Out of the Country

I just served a pretty basic complaint for absolute divorce on the grounds that we have been separated for more than one year. The summons was served by the Sheriff and was accepted by his sister (who is over 18). He frequently works out of town, even out of the country, but always keeps in close contact with his sister. His sister also manages his affairs for him while he’s gone. (Not sure if there’s a POA in place or not though.)

I’m anxious to get this over and worried that he’s going to try to postpone this even longer. (It’s 2 yrs since we’ve separated and he consistently refuses to cooperate.)

What are his options? Can he postpone this longer if he is actually out of the country? I know he has 30 days to respond. I’m hoping this will all be over at that point but… I want to be prepared.

Once he has been served he cannot act to postpone the divorce and the action will proceed whether or not he responds.

I have a question about the validity of the served summons related to the address to which that summons was served. The Defendant utilizes two addresses: “Address A” is a property owned by the Defendant, where the Defendant has been living for greater than 10 years. “Address B”, approximately one-quarter of a mile away from Address A, is the home where the Defendant lived since childhood and where the Defendant’s parents and siblings still reside. The Defendant moved his tangible assets to Address B (at the time of separation) and receives mail at both addresses. The Defendant is not currently sleeping at either of these addresses as his employment contract (non-military) has him working out of the country.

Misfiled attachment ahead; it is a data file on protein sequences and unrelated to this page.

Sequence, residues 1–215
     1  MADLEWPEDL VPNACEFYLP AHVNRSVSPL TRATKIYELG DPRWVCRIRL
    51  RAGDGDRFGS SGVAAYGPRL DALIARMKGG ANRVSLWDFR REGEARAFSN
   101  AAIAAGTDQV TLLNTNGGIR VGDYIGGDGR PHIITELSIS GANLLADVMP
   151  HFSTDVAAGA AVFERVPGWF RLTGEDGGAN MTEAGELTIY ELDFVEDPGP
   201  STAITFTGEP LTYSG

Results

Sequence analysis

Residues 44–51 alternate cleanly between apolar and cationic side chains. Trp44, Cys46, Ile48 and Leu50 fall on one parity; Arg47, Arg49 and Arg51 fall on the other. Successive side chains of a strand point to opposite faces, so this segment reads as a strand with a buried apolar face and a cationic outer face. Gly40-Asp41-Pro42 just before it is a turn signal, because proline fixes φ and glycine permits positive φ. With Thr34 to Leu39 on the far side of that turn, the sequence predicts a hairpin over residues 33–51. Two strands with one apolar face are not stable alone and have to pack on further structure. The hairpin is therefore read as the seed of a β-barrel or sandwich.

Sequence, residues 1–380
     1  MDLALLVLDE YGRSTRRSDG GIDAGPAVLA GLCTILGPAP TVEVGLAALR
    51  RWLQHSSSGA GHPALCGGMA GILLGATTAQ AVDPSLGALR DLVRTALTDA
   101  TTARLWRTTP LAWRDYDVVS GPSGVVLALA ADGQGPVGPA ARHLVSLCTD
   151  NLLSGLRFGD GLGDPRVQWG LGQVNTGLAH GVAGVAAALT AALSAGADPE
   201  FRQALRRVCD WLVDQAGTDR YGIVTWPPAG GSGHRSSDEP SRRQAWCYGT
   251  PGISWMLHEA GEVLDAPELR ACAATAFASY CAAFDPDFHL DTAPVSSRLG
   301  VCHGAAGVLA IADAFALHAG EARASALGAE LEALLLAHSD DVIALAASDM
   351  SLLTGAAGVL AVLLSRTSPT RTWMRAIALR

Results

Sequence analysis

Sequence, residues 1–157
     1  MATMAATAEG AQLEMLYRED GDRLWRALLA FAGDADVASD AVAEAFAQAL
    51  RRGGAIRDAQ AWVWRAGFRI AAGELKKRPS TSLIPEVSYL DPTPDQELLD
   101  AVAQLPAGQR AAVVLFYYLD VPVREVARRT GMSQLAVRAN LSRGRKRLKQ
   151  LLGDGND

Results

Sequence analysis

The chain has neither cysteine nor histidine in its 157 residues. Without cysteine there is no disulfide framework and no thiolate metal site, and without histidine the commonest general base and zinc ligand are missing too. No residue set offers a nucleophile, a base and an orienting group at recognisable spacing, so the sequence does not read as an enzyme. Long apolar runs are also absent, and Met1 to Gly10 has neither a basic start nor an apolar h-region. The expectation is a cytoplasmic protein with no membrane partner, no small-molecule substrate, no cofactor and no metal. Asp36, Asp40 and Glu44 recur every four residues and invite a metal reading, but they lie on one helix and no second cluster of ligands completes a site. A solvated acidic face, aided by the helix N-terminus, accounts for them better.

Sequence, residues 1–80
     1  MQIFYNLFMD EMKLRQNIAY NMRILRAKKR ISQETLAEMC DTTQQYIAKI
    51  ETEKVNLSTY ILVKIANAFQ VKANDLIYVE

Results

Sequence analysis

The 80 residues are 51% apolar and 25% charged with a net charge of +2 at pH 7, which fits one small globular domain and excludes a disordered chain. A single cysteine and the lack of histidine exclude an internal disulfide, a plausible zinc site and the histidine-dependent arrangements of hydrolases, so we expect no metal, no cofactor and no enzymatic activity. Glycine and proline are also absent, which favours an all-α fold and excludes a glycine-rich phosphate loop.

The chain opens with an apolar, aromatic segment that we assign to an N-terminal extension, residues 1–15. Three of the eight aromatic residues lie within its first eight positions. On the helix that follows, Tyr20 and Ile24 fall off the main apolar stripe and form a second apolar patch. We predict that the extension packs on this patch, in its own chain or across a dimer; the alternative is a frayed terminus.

The Plaintiff is co-owner of Address A, which is currently vacant of all individuals.
The summons was served to Address B.
Is this summons valid? Can the Defendant and/or Defendant’s lawyer contest the validity of this summons and possibly the validity of any resulting judgment? If the Defendant fails to respond within 30 days and a judgment is issued by default, can the judgment later be deemed void?

The summons is valid. Service is proper if someone of suitable age and maturity residing at address B signed for the summons. If the Defendant can prove that he/she actually never received the summons, any default judgment could be reversed.